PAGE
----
As many will recall, Sir Bruce Forsyth sadly passed away on 18 August 2017 after battling ill-health. He was survived by his wife and his 6 children. Nearly a year after his death, the terms of his Will have allegedly been revealed.
It was recently reported that Bruce Forsyth did not leave any of his substantial estate to his children. According to reports, his Will directed that £100,000 is to be placed in a Trust, with each of his 9 grandchildren receiving their share when they reach the age of 21. His two appointed Executors are to inherit £20,000 each. The remainder of his estate is then to be passed to his wife. It is believed that his estate was over £11 million.
As Bruce Forsyth left most of his estate to his wife, it is likely that his estate will benefit from Inheritance Tax exemptions.
The current threshold for Inheritance Tax is £325,000 – this is known as the “nil rate band”. If the value of an estate is below the threshold, then no Inheritance Tax is payable. If an estate is over £325,000 then the estate is potentially liable to pay Inheritance Tax. The standard Inheritance Tax payable on estates is 40% of the value of the estate over the threshold.
The estate passing to a spouse or civil partner on death would be exempt from Inheritance Tax. Furthermore, as the transfer is exempt from Inheritance Tax, this does not affect the individual’s nil rate band. When the second spouse or civil partner dies, their estate would therefore benefit from their own nil rate band and the previously unused nil rate band. As such, the second estate may have up to £650,000 exempt from Inheritance Tax, which is likely to provide substantial savings to an estate, or potentially mean that an estate is exempt from Inheritance Tax altogether.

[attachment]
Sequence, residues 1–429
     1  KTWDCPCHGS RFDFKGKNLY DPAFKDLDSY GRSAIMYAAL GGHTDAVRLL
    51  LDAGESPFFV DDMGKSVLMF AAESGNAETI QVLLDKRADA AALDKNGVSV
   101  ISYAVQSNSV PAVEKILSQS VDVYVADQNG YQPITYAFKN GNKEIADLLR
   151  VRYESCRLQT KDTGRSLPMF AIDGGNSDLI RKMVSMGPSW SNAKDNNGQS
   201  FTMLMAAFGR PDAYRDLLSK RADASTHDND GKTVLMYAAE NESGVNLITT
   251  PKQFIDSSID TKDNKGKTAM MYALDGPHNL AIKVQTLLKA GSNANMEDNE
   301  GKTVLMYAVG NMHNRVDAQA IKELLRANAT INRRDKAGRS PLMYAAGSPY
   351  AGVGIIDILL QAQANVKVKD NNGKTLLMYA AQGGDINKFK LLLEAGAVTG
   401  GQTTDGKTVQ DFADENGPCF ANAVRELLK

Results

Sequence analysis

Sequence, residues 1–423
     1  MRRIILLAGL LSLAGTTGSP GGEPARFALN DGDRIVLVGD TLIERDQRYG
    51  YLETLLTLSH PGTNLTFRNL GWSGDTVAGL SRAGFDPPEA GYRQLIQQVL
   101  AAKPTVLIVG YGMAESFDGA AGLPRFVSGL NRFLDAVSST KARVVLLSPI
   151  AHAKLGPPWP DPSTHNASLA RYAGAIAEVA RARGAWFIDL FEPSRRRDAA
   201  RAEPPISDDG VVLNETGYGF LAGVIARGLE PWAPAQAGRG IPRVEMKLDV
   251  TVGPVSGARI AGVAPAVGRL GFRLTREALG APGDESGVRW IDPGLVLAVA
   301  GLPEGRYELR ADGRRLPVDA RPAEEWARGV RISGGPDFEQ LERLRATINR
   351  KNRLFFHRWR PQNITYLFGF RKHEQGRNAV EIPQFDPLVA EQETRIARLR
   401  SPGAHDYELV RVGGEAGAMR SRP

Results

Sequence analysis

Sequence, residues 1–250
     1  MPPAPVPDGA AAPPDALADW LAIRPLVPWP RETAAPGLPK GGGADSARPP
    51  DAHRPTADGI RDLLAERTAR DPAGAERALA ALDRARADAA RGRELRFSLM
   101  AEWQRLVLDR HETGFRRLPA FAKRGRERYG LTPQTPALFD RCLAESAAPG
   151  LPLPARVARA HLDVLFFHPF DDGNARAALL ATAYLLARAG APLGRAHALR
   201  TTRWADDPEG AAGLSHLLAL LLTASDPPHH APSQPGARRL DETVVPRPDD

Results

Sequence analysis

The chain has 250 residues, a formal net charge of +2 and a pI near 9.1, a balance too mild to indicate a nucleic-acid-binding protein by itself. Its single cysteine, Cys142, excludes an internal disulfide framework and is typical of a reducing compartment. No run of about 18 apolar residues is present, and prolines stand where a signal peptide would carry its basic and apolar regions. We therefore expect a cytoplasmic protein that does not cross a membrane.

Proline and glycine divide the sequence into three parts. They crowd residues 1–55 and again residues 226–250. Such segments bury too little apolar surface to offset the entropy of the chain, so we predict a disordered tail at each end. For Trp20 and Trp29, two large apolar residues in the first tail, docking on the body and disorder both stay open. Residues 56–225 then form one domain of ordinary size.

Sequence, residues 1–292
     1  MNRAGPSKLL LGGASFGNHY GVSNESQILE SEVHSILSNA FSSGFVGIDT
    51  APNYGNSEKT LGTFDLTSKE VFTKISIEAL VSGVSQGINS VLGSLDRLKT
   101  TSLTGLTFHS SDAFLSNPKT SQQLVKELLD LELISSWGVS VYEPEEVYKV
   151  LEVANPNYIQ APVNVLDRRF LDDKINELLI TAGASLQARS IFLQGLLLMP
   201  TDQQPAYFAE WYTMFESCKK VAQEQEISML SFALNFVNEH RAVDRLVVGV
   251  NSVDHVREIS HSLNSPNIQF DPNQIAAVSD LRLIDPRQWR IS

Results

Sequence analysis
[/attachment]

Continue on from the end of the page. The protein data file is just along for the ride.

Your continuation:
So what about children who are not entitled to any of the estate under a Will?
The law relating to estates is different in Scotland and England. In particular, the entitlement of Bruce Forsyth’s children would differ in Scotland.
In Scotland, children have a right to the estate which is called Legal Rights. This is regardless of whether a Will was made or not. This is to protect against disinheritance, and children have 20 years from the date of death to make a claim against the estate for Legal Rights.
Legal Rights entitles children to a share of the moveable estate (which is generally everything excluding land and buildings). If the individual was survived by a spouse or civil partner then the Legal Rights claim would be for a share of one-third of the moveable estate. If there is no surviving spouse or civil partner, then the Legal Rights claim would be for a share of one- half of the moveable estate.
Legal Rights can be claimed by the children even if there is a Will in place directing that the estate is to be paid to someone else. If there is no Will, children can still make a claim for Legal Rights, however the surviving spouse or civil partner’s rights to the estate take priority, therefore in smaller estates there is a risk that children may not receive anything.
If you wish to receive estate planning advice, or you wish to make a claim for Legal Rights, you can get in touch with one of our specialist solicitors on 0800 089 1331 who will be able to provide you with clear, detailed advice.
Blog by Amy Wardrop, Solicitor